Recently I’ve participated in a number of discussions around creating open education repositories and initiatives in the Middle East. Beyond the question of finding sizable portions of open Arabic content to seed a new repository, the questions of sustainability (how do we pay for this?), language (who’s Arabic?) and so what?! (What will people do with the content?) always come up shortly after.
Putting the first two bold words aside, let’s focus on the so what?! of OER. As Max Fawcett (Managing Editor at Alberta Venture) points out in the Open Education Open Debate:
Education, after all, isn’t an acquisitive process, an exercise in procuring and storing information. Instead, learning is a social process, one in which people get from point A – ignorance – to point B – enlightenment – through a messy combination of challenge, failure and consolidation. While there might be a few people who can (and should) take advantage of open-source learning models, there are, I suspect, far more who can’t. Information, in the absence of the ability to apply it, isn’t very valuable, as anybody who’s ever tried to fix their own car using only the supplied factory manual understands only too well”.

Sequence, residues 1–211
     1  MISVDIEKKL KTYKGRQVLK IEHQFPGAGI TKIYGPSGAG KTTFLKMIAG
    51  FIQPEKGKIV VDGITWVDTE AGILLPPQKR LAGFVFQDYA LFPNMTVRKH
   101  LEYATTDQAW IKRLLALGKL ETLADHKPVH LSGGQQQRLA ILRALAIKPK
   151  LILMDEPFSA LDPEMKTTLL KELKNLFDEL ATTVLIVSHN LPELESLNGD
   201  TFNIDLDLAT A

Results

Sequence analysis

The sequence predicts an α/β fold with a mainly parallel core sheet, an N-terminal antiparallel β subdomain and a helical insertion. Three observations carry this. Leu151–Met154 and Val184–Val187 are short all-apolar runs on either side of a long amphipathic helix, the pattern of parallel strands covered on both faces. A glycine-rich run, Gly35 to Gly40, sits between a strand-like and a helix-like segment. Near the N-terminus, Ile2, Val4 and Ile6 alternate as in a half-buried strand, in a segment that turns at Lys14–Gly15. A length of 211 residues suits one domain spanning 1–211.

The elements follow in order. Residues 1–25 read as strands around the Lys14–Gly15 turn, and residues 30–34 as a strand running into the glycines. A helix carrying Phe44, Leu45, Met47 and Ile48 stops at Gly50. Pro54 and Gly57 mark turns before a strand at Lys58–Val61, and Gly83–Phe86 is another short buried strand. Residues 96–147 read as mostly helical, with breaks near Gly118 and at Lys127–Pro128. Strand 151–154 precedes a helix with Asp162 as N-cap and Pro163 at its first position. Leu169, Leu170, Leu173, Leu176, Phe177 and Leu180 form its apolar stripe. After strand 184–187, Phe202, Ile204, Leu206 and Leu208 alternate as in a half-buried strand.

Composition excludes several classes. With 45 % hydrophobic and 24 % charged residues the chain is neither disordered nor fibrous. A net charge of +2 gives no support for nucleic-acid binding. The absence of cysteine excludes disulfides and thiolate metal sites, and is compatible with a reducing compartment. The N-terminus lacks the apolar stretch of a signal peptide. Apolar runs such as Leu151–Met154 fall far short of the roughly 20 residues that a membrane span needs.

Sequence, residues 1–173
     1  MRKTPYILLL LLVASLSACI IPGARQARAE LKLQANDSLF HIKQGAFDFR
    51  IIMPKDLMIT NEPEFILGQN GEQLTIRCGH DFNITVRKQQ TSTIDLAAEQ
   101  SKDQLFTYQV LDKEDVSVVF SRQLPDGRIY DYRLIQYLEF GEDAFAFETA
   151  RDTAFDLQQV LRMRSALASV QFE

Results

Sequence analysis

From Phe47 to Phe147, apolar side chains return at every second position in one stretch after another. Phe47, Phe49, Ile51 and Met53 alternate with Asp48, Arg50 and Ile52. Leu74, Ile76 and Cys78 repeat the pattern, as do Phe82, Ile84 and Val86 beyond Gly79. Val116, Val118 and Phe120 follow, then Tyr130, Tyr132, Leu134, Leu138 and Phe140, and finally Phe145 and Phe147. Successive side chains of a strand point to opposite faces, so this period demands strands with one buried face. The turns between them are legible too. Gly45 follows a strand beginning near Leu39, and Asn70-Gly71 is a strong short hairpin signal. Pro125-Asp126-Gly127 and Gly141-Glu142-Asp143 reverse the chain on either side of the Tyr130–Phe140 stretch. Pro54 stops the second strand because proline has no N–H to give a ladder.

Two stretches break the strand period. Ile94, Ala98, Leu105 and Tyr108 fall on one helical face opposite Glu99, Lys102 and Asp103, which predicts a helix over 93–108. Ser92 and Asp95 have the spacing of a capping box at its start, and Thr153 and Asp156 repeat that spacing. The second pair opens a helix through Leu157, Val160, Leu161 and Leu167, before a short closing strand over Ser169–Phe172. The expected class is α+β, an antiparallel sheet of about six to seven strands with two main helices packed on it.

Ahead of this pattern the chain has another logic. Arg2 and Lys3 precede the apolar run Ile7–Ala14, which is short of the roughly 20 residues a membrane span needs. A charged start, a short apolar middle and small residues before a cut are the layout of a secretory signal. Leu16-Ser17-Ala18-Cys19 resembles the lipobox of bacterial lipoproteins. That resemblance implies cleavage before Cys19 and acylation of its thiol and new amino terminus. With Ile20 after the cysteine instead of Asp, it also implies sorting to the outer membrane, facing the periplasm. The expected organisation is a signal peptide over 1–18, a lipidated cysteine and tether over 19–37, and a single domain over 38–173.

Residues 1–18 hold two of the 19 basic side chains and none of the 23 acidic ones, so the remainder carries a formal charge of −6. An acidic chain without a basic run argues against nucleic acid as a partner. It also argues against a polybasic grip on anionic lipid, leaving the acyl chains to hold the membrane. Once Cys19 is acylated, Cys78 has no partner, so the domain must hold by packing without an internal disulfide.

This reminds me of a comment in Brian Lamb posted in his blog two years ago:
“If we live in an era of information abundance, why is the primary drive around OERs the publication of more content? And what other activities around the open education movement might be an effective use of our energies? What other needs have to be met?”
In the past couple of years we’ve seen online course initiatives like P2PU and the Open High School take steps towards using the open content out there in meaningful ways. But, I would like to hear directly from teachers and students:
With so much free content out there on the Web, what services or apps would you like to see built in conjunction with all that content to help bring more meaning, value, time savings and/or joy to your education?